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Nichols Brothers Boat Builders is preparing a bid to construct a portion of two new 64-car high-speed ferries for the Keystone-Port Townsend run, said Matt Nichols, managing director for business development, Thursday
Student ridership during the week beginning Monday, Oct. 13, will determine how much transportation money the South Whidbey School District gets from the state.
The South Whidbey School District wants its contractors to get the lead out in getting the lead out.
First there was no opponent in the Island County auditor’s race, and then, all of a sudden, there was. Oak Harbor City Council member Jim Palmer received enough votes in a write-in campaign in the primaries to qualify for the general election ballot Nov. 4. He’ll face incumbent Sheilah Crider, who assumed the office in January.
Leigh Anderson, a Freeland business consultant and longtime education advocate, is the newest member of the South Whidbey School District board.
Bayview will soon be the hub for South End medical services offered by Whidbey General Hospital.
Freeland Lanes is about to be knocked off its pins. Owner Steve Myers plans to tear down the landmark bowling alley on Harbor Avenue and put up a retail/office building.
Barring an unlikely invasion of the South End by a swarm of children lugging books, this year’s high school graduating class will be the largest for a long time to come.
The owner of forest land north of Freeland is moving ahead with plans for five housing projects on a portion of the property. Dogwood Whidbey Development has applied to Island County for permits to establish planned residential developments, or PRDs, on 234 of its 800 acres, and to lift a moratorium to allow clearing and grading on the sites.
When you’re battling the high cost of housing, there’s nothing like a freebie. And once you get a free house, there’s nothing like some free labor to spruce it up.
From a little booth at the end of his driveway along Fox Spit Road, JaNoah Spratt is living proof you’re never too young to make a difference. “I just wanted to help out with the hungry and stuff,” he said. “And I’ve found a way to do it.”
The surge to clean up Holmes Harbor appears to be working. You still can’t eat the shellfish, but you can swim again, county health officials say.
You’re headed down the road, doing the speed limit. CD’s playing. You tap your left foot. It’s OK, you’re not using it for anything else. You rap your right hand on the steering wheel, maybe both hands. You warm up your baritone, get in the groove, lay down some harmony. Hmmm, a sneeze coming on. No problem. You can sneeze with your eyes open. Usually. The kids are getting into a fight in the back seat.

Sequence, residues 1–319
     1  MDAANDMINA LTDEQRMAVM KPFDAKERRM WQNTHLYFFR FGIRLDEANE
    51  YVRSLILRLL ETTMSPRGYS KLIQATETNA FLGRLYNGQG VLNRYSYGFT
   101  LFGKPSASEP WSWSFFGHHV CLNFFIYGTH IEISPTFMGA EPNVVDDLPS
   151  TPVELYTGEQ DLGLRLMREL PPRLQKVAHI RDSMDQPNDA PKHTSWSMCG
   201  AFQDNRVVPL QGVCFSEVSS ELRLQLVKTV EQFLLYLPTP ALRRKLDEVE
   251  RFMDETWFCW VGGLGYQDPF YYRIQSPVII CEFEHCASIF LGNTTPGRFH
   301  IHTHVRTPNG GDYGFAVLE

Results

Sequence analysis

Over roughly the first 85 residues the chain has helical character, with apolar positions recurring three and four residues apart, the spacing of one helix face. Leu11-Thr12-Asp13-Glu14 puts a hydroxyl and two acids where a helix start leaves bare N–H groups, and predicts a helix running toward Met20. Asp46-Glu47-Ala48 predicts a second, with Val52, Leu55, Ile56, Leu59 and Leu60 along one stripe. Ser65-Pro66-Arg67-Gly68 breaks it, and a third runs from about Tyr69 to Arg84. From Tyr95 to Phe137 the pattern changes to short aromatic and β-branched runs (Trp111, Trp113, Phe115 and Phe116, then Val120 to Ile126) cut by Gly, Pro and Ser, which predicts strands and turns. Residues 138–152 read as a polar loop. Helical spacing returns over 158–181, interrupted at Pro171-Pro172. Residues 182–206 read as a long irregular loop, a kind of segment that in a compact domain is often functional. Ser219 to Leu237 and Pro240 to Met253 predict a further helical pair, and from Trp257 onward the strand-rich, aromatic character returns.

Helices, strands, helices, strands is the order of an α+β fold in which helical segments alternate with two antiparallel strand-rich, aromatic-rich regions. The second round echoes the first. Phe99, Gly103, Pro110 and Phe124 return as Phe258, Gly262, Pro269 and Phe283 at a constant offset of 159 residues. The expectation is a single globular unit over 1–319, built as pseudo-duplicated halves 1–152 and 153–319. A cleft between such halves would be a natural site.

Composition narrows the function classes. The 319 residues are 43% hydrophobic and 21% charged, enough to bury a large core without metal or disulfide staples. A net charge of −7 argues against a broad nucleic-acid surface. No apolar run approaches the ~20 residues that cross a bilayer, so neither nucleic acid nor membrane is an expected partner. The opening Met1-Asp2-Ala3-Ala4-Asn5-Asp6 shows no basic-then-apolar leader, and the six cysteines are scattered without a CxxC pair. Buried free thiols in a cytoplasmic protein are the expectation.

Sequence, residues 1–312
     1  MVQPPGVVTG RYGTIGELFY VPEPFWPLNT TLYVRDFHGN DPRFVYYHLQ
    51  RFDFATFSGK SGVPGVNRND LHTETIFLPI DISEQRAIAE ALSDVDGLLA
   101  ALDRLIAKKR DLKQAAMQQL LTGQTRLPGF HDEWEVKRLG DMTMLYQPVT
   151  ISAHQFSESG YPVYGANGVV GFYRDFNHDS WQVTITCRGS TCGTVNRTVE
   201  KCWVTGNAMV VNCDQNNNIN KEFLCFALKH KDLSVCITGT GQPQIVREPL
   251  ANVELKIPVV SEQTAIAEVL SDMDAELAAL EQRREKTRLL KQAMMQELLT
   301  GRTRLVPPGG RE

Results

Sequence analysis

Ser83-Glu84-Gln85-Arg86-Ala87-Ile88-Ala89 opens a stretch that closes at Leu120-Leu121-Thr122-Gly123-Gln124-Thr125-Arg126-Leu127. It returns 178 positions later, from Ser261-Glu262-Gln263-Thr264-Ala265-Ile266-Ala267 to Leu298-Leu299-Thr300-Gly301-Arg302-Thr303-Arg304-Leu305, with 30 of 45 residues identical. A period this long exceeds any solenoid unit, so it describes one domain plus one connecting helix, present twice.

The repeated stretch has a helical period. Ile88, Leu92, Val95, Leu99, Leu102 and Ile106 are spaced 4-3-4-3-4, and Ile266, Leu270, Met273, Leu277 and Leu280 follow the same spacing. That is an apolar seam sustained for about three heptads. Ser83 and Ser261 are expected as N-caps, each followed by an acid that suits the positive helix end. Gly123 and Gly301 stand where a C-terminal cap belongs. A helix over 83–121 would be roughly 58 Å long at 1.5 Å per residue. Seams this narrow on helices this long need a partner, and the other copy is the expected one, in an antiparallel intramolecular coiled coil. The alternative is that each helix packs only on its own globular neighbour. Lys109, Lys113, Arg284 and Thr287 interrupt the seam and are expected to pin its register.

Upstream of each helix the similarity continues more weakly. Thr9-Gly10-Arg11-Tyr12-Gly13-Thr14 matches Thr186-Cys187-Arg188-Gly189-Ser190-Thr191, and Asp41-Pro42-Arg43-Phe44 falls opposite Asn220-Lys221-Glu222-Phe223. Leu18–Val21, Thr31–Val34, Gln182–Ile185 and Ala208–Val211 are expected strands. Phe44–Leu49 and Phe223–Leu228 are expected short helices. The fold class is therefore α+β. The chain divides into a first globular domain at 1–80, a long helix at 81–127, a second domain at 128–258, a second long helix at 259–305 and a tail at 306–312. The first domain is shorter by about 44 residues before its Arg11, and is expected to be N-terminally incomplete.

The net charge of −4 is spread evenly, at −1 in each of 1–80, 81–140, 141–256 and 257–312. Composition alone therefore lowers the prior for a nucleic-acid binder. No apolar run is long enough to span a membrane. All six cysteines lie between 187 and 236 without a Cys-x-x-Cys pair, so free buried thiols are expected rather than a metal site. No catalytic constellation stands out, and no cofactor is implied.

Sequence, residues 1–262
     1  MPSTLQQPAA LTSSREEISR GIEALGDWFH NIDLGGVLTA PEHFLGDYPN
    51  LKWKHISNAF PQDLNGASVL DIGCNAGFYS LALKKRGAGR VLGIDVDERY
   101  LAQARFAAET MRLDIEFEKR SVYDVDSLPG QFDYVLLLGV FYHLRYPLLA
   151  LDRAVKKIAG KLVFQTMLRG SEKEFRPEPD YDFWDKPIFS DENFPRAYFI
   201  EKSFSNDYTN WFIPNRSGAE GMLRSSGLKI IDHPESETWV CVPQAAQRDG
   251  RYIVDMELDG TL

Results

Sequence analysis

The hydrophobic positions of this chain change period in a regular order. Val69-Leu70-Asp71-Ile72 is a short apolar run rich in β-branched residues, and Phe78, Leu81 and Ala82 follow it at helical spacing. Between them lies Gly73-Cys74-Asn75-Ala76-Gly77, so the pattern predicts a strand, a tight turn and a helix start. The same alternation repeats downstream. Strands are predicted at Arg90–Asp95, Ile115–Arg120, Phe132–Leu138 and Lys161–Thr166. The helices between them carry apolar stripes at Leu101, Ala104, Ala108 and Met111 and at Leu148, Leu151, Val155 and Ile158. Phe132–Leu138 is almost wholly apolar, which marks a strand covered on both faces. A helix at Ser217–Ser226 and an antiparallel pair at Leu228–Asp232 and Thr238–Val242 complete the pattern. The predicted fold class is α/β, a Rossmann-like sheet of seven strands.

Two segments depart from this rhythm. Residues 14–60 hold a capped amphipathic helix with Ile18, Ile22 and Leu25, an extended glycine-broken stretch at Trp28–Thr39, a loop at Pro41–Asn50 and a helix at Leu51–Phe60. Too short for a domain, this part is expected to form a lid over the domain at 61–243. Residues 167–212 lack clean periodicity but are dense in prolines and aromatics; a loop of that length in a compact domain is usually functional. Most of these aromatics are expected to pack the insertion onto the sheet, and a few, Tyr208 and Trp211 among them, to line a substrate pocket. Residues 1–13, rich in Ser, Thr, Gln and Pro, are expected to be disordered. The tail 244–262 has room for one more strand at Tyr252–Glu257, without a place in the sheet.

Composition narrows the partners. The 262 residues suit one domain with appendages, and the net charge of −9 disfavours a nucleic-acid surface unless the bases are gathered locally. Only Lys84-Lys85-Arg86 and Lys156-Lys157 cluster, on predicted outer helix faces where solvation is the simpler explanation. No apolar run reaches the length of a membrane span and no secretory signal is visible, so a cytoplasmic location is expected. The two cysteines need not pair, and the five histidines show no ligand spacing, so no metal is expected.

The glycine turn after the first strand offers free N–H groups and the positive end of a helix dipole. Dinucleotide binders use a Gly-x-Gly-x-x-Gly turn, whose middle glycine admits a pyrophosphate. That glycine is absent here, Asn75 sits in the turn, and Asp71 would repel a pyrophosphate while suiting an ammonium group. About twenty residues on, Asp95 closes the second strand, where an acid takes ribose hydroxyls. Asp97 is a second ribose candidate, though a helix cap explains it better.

A meeting to tell volunteer firefighters about future funding plans being considered by Island County Fire District 3 will be held tonight at South Whidbey High School. Fire District 3 wants to build a new headquarters and training facility in Bayview, and is expected to ask taxpayers for $4 million, although no date has been set.
South Whidbey school officials are looking farther down the road as they consider a new bond issue to make needed building improvements. “We need more time,” South Whidbey School District Superintendent Fred McCarthy said Thursday. “This is something we want to be really well-planned, with lots of data and lots of community input.”
School officials aren’t shaking in their shoes over a new seismic study of the middle school, but they would like to know the bottom line. “We want a ballpark number,” South Whidbey School District Superintendent Fred McCarthy said Thursday. “Is it going to cost $20,000 or $2 million?”
With one eye on the economy and the other on the number of requests for public money, South Whidbey school officials are considering a bond issue next year for building maintenance and improvements.
Four members of South Whidbey Fire District 3 took part in the two-day Firefighter Combat Challenge at the recent Pioneer Square Fire Festival in Seattle.
School starts Thursday, but it’s not too late to return to class in style, thanks to the Back to School Project. Now in its 10th year, the charitable effort sponsored by the Readiness To Learn Foundation and the Family Resource Center, gathers community donations to help outfit students who may not be able to afford essential items.
There was some good and some bad, but nothing really ugly. South Whidbey School District students showed mixed results in the latest WASL, the statewide learning test.